Article II of the Constitution is the foundation stone of the American Presidency. It is, in fact, the source of all powers granted to the Office of the Presidency, those enumerated and those implied. The government, the Supreme Court has said on multiple occasions, in giving voice to the First Principle of American Constitutionalism, is “a creature of the Constitution,” and has “only those powers granted to it by the Constitution.” That first principle, a function of the fact that the people, as James Iredell explained it, ratified a particular Constitution, with a particular allocation of power and a particular division of responsibility. They did not ratify a blank sheet –a “lump of clay,” in Thomas Jefferson’s words– an object to be manipulated and reshaped by the three branches of government which, indeed, derive their powers solely from the Constitution. This understanding precludes resort to the claim of extra-constitutional powers, that is, authority not derived from, or grounded in, the Constitution. Accordingly, the Presidency is a creature of the Constitution and derives its powers solely and exclusively from the four corners of Article II. The mere wish for a power, James Madison explained, does not create it; it must be grounded in the Constitution.
Article II, it has been asserted, is skeletal; its provisions are loosely drawn, vague, imprecise and indefinite in comparison to those defining the powers of the other coordinate branches. While it has been conceded that there is ample detail pertaining to the election and tenure of the President, the powers and duties, on the other hand, are said to be stated in general terms. Not everyone has surrendered to that characterization of presidential powers. Indeed, it has been observed that the powers granted to the President are spare and lean, few and meager, particularly when compared to those vested in Congress. Accordingly, the provisions of Article II, it has been maintained, are not so vague, but rather sparse and carefully eked out from what would have been grants of power to Congress. They are, in point of fact, enumerated in some detail. Thus, the argument goes, it might not be true that Article II is skeleton-like; rather, it may be the case that it is brief simply because the Framers wanted to vest in the President only a few, express and limited powers.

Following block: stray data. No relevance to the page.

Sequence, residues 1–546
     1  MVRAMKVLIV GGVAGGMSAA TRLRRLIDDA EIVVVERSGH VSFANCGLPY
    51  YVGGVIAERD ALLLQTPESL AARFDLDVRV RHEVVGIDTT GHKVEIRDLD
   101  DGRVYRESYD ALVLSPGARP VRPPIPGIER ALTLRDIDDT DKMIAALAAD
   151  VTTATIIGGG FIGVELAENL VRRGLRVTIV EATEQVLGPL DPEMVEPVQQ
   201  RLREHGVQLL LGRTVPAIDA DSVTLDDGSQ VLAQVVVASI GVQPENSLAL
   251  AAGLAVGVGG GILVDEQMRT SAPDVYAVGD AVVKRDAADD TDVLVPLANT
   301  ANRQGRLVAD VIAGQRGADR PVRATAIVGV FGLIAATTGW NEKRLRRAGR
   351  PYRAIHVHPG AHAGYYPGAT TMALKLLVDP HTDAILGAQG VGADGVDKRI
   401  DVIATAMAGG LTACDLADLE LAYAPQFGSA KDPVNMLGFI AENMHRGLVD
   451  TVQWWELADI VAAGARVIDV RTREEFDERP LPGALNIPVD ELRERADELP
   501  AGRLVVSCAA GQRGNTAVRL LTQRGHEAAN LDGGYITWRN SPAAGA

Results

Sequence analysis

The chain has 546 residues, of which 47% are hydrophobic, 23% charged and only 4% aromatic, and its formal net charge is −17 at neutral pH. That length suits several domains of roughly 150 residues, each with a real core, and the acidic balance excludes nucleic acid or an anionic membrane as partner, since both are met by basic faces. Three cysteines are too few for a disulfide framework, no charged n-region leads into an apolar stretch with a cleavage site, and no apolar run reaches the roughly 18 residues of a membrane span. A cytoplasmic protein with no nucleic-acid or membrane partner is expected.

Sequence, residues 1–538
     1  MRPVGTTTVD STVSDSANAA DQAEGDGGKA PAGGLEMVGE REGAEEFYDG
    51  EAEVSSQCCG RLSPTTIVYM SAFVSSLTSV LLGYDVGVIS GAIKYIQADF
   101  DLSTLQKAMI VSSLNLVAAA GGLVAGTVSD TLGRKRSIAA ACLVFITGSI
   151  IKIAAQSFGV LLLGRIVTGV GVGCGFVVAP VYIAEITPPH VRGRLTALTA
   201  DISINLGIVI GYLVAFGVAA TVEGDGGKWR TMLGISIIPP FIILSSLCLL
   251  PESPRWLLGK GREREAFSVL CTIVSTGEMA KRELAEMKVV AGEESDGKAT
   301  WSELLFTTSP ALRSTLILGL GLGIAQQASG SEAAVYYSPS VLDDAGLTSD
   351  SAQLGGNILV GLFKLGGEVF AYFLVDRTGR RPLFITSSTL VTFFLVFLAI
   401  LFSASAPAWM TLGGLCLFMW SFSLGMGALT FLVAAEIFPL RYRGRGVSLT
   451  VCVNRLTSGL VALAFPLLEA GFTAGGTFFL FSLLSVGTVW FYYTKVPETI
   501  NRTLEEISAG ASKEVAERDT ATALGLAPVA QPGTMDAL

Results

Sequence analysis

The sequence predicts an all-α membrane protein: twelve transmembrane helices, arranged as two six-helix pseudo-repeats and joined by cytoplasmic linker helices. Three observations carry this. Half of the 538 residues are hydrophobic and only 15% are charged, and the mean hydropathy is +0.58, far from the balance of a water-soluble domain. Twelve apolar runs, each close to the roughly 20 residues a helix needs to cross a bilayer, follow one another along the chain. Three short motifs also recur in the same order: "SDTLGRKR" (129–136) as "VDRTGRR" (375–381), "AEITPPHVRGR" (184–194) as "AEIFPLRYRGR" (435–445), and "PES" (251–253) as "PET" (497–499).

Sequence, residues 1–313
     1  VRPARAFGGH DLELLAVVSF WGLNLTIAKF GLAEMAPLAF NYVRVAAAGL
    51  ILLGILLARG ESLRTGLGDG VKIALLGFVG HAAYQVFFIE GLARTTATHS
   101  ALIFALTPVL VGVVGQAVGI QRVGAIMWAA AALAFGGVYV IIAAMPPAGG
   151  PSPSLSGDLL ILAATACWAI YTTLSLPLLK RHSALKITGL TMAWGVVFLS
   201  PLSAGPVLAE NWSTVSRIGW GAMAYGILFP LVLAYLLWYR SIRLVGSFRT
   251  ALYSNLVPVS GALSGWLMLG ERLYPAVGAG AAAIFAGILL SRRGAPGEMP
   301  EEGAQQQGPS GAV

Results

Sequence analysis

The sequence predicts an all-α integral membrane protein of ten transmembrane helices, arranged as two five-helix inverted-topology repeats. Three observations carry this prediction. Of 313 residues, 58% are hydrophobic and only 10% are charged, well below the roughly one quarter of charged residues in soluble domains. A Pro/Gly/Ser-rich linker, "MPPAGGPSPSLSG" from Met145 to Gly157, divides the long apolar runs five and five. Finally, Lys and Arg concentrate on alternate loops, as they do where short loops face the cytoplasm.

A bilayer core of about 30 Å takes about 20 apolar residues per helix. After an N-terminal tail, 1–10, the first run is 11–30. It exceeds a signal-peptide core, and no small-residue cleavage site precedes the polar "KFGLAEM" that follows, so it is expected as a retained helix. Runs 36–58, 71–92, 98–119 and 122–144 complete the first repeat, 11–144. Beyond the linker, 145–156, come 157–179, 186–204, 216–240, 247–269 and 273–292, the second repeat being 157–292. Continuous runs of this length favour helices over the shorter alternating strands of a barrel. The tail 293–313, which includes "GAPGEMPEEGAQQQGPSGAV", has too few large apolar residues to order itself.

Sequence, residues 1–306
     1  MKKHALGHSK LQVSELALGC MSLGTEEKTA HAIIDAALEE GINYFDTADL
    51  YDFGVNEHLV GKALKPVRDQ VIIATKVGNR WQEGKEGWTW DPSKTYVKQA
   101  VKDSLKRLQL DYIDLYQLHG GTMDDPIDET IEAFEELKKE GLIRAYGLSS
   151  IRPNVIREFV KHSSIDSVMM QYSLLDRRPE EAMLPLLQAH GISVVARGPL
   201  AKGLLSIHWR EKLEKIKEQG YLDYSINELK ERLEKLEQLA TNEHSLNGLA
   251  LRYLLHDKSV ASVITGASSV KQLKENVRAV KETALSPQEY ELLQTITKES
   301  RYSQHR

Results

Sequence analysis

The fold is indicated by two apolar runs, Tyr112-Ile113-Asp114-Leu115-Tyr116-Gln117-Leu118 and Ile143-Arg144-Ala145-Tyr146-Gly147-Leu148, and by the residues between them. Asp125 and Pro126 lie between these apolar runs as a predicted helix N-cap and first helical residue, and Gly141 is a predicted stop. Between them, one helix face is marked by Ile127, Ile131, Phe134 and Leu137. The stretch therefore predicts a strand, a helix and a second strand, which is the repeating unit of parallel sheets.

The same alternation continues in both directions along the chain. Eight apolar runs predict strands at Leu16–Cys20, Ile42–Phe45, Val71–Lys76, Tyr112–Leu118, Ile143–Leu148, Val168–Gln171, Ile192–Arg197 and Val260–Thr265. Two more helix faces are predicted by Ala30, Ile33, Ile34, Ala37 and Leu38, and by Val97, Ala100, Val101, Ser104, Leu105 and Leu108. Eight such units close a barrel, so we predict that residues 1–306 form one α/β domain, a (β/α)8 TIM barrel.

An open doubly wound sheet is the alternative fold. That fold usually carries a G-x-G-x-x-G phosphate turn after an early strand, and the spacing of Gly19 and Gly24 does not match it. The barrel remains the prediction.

The case for the enumeration of presidential powers was presented by several delegates, perhaps most prominently by Madison. He stated that presidential powers should be “defined and confined.” And so they were. The principle argument in favor of the Enumeration of Powers doctrine drew from deep historical experiences. From the colonial period forward, Americans had been distrustful of general grants of authority, for they defied limitations of power. Protection for liberty was better served, they believed, through more precise definitions of power, so that officeholders and citizens alike might be better informed about the allocation of authority because they could see it expressed in the text. The same principle would guide the First Congress in enumerating the liberties embodied in the Bill of Rights. Enumeration of powers alone would not necessarily fence in the exercise of power, for Madison himself had noted that mere parchment could not prevent those committed to the abuse of power. But it would help, since it would provide meaning and substance to the Doctrine of Checks and Balances which, if one considers it, would have little utility if that which it was checking had amorphous boundaries that could not be identified, monitored and checked.